ISLAMABAD: The Katchi-Abaadi of Sector I-11 became a battleground on Thursday, as residents threw rocks at the Capital Development Authority (CDA) officials attempting to bulldoze their homes and were met with batons and tear-gas shells.
Awami Workers Party (AWP), which has been supporting the slum-dwellers in their protests against the operation, claimed in a press release that an infant was killed during the melee on Thursday. AWP Punjab President Aasim Sajjad Akhtar told Dawn that the child was only six-days old.
The AWP published photographs of the baby’s funeral on Twitter but the Sabzi Mandi police said they had no information about the death of the child. “If an infant was killed during an operation, it was not reported at the police station,” Moharrar Mohammad Kashif said.
Fifteen injured people, most of them police and CDA officials, were shifted to the Pakistan Institute of Medical Sciences (Pims). Pims Spokesperson Dr Ayesha Esani told Dawn that preempting violence, authorities had declared an emergency at the hospital on Thursday morning. “The injured include a woman police officer, six policemen, five CDA officials, an Assistant Commissioner, a journalist and two male residents of the slum,” she said.
CDA continues operation against illegal settlements
Meanwhile, hundreds spent the day digging through the rubble of their homes to retrieve their humble belongings. Despite repeated warnings by the CDA over the last three days, the residents had refused to vacate the area.
The informal settlement in Sector I-11 Islamabad is the largest in the Capital, starting out with a few mud huts in the 1980s, it is now home to over 10,000 people. While it is commonly referred to as the Afghan Basti, according to a 2013, UNHCR survey the residents are mainly Pakistani citizens from parts of Khyber Pakhtunkhwa, Fata and Punjab.
The last operation against the settlement was carried out by the CDA in 2005 when a large part of the slum was razed. Later, authorities turned a blind-eye as the residents rebuilt their homes.
On Thursday, the CDA’s anti-encroachment teams along with bulldozers and armed policemen arrived at the settlement at around 10 am. Deputy Commissioner Islamabad retired Captain Mushtaq Ahmed and SSP Islamabad Sajid Kiana personally oversaw the operation.
Before demolishing the settlement, the deputy commissioner negotiated with the community leaders and managed to convince them to allow the CDA to demolish four houses, after which the residents would be given another day to voluntarily vacate their homes.
Following this deal, a majority of the slum-dwellers were assured that their homes would not be immediately demolished so they did not move their belongings. Unfortunately, while the CDA bulldozers were demolishing a third hut, some residents began pelting the officials with stones, injuring them.
The police responded with tear gas shells and the enforcement wing demolished a number of homes. Some women climbed on to the roofs of their mud huts and holding Holy Books in their hands, begged the police and the CDA to not make them homeless but were arrested by women police officials.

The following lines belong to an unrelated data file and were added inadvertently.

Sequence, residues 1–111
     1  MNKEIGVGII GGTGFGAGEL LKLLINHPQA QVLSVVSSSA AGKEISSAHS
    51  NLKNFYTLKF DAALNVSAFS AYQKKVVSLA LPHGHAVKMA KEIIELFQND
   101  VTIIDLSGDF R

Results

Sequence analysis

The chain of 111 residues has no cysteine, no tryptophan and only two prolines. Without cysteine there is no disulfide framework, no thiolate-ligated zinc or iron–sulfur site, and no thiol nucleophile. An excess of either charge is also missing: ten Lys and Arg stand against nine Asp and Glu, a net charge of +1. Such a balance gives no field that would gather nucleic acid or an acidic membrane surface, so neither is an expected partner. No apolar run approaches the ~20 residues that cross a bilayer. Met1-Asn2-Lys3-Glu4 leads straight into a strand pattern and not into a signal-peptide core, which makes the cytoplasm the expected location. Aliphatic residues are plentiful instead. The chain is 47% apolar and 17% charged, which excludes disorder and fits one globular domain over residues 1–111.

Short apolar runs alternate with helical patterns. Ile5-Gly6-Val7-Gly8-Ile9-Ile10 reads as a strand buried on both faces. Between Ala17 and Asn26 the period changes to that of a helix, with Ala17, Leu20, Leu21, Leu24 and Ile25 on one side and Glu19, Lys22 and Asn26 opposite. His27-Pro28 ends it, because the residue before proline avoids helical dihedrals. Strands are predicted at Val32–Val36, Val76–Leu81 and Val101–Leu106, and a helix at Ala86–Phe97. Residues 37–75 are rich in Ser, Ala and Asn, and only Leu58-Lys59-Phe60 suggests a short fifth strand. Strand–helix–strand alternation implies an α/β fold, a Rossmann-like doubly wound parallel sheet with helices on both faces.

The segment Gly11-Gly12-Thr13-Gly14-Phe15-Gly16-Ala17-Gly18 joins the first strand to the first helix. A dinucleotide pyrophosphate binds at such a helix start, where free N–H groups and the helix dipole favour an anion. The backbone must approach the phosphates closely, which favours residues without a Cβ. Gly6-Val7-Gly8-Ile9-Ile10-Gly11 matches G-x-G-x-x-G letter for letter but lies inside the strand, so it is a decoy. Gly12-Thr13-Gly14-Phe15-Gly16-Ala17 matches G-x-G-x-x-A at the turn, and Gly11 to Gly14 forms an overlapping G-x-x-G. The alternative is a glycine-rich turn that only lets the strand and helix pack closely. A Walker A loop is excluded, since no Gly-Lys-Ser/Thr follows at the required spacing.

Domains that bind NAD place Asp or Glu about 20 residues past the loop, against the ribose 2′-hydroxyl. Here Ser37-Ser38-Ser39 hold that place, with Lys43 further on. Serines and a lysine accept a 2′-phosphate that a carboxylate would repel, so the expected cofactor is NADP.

Another elderly woman was seen being dragged to a police van by a woman cop. Dozens of slum dwellers were arrested and the Sabzi Mandi police registered cases against them under several charges of the Pakistan Penal Code (PPC) and the Anti-terrorism Act.
A resident, Farad Khan, native of Mohmand Agency, told Dawn that his family did not remove their belongings from their hut because they were told that only a few homes would be demolished. “The CDA betrayed us. Our few belongings are a couple of hand carts, some quilts and some pots and pans. They are now buried under the rubble of our home,” he said.
Inspector General of Police (IGP) Tahir Alam Khan spoke to reporters at the site of the operation, informing them that 500 houses had been demolished. “We are trying to complete this operation without the use of force,” he said.
CDA Spokesperson Ramzan Sajid said the CDA is committed towards completing the operation. “These are illegal residents and they were given many days to vacate the area voluntarily,” he said.
Mr Sajid said those who have been allotted plots in Sector I-11 have been waiting to take possession of their land for the last 25 years. “We have a responsibility towards those people who have paid for this land,” he said.
According to the police, in the afternoon the resisting slum-dwellers tried to stop the police by pretending to take out a funeral procession. As the procession was approaching, the mourners began pelting the policemen with stones and when the police fired tear-gas shells, everyone dispersed, including the man pretending to be dead who got up and ran.
By evening, the police had arrested a few dozen more and an announcement was made by a community elder in Pashto who said “Gather your belongings and vacate your homes. The operation is final.”
Published in Dawn, July 31st, 2015